While mainstream Mexican customs are dominant in Sian Ka’an Mexico and its immediate surroundings, much of the area’s population consider themselves descendents of traditional Mayan culture.
Ancient deities such as Chac, the rain god, are still honored in religious ceremonies that have been carried on for decades. Also, the sacred Ceiba trees, like the giant one on display in the Museo de la Cultura Maya, are still revered in parts of the state of Quintana Roo. This museum, located in the capital of Chetumal, also houses exhibits illustrating all things Mayan, from architecture to medicinal plant use.
The sacredness of the cross in Quintana Roo’s culture goes further back than the introduction of Roman Catholicism. The much older equilateral cross actually came from the roots of the symbolic Ceiba tree, and the knowledge of the icon’s power is still passed on to new generations living in Sian Ka’an, Quintana Roo and the greater Yucatan. In local communities there remain many different crosses believed to have different abilities, such as the state’s Talking Crosses, which are said speak the word of God.
Sian Ka’an also celebrates all of the same Catholic and national holidays as the rest of the country, such as Día de Los Santos Reyes, Carnaval, Cinco de Mayo and Independence Day. Some of these holidays are observed with a local Mayan twist, which include the “jarana”, “rubber tapper” and “pig head” folk dances. On Dia de Los Muertos in Chetumal, you’ll see locals carrying skull and skeleton toys in celebration the of Mayan religion.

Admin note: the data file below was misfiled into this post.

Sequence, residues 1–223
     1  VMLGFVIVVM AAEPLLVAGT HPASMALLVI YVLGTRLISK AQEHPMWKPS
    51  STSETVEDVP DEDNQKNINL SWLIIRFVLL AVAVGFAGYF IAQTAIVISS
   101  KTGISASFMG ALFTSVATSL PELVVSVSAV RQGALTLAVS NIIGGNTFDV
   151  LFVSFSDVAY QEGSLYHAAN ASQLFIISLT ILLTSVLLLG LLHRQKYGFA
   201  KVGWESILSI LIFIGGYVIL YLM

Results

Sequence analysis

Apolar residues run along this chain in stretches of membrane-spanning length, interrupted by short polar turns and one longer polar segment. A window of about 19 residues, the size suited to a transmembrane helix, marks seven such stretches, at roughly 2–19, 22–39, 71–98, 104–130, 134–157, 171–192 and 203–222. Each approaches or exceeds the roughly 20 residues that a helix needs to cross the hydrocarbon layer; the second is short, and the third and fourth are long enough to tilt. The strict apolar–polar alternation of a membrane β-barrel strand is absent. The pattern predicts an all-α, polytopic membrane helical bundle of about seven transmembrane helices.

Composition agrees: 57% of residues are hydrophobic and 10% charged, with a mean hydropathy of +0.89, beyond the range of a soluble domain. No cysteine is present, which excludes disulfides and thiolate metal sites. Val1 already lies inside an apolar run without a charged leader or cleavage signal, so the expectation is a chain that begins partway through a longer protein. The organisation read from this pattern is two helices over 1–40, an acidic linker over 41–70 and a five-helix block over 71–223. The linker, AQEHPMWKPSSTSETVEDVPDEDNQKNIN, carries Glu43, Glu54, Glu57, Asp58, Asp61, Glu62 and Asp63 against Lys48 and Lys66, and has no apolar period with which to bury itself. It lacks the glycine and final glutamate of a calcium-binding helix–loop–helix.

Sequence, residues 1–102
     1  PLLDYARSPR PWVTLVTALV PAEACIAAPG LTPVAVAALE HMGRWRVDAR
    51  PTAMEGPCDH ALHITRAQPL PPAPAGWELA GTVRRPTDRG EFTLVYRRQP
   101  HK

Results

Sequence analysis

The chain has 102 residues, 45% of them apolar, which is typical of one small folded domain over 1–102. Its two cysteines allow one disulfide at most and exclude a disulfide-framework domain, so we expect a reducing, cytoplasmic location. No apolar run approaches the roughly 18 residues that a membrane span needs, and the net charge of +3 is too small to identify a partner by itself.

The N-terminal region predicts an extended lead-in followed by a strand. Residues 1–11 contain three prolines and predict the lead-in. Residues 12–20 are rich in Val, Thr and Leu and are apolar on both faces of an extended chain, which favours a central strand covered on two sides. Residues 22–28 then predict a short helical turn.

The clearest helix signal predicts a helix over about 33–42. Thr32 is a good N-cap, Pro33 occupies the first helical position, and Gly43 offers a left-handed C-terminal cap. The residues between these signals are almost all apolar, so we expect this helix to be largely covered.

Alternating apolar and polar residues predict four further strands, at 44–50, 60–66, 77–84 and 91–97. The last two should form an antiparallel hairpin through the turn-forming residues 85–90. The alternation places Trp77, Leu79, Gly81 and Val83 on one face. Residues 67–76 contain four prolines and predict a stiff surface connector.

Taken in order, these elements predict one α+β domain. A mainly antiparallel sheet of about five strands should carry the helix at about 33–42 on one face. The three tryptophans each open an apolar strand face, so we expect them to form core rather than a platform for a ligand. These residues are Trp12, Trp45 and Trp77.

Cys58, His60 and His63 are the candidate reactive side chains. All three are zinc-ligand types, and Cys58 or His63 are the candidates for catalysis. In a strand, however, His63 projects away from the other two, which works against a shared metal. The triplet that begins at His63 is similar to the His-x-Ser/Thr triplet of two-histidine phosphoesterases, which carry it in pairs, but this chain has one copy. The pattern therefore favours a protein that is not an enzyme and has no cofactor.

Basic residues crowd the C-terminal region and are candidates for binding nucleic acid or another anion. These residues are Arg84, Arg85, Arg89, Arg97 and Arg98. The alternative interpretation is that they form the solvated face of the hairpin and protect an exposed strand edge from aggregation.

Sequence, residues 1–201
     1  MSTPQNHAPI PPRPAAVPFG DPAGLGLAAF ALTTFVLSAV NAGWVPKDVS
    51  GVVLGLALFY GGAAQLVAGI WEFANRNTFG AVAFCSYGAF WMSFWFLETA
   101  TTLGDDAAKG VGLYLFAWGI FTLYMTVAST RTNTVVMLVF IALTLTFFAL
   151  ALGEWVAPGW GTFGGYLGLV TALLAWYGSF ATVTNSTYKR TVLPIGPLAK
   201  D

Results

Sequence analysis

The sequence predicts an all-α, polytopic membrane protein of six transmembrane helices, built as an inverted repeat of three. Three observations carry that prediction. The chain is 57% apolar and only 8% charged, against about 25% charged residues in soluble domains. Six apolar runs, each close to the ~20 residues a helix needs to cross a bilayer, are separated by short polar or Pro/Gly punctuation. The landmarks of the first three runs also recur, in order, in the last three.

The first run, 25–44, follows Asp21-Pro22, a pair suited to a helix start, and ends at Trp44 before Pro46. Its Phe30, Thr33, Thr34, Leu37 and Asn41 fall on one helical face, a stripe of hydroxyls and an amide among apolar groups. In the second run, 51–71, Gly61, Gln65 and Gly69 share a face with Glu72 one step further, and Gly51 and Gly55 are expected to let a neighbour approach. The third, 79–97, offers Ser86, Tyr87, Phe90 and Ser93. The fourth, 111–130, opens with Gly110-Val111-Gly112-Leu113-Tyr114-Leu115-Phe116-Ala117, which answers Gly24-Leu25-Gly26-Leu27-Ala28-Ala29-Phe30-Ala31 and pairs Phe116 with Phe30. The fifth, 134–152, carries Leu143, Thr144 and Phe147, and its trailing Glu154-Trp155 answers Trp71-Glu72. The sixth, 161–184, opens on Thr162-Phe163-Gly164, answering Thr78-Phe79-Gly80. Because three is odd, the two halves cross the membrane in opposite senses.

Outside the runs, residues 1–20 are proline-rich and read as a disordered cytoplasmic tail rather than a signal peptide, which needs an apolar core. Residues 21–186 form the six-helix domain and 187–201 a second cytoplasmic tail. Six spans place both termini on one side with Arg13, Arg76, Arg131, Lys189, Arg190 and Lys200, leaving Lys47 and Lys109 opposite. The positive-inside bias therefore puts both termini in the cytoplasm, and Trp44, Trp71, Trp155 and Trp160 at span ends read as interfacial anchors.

However, the splendor of this ancient civilization is most evident in the numerous archaeological sites in this area – specifically the Muyil ruins. It is through the pyramids, sculpted stone pillars, plazas and temples that some of the mysteries still surrounding one of the America’s most important cultures have been partially deciphered.
While old customs and culture lives on among the contemporary Mayan people, Sian Ka’an and its surroundings have witnessed the fusion of global culture. Since the 1970s, places like Cancun and Cozumel have seen large numbers of tourists. With the advent of mass tourism and the onset of popular Sian Ka’an tours came shopping malls, movie theaters, giant luxury resorts and fast food. Some believe that the speed and force with which Western influence and modernity has hit Quintana Roo’s shores threatens to wipe out the region’s unique culture. But, at least for the time being, they continue to prosper.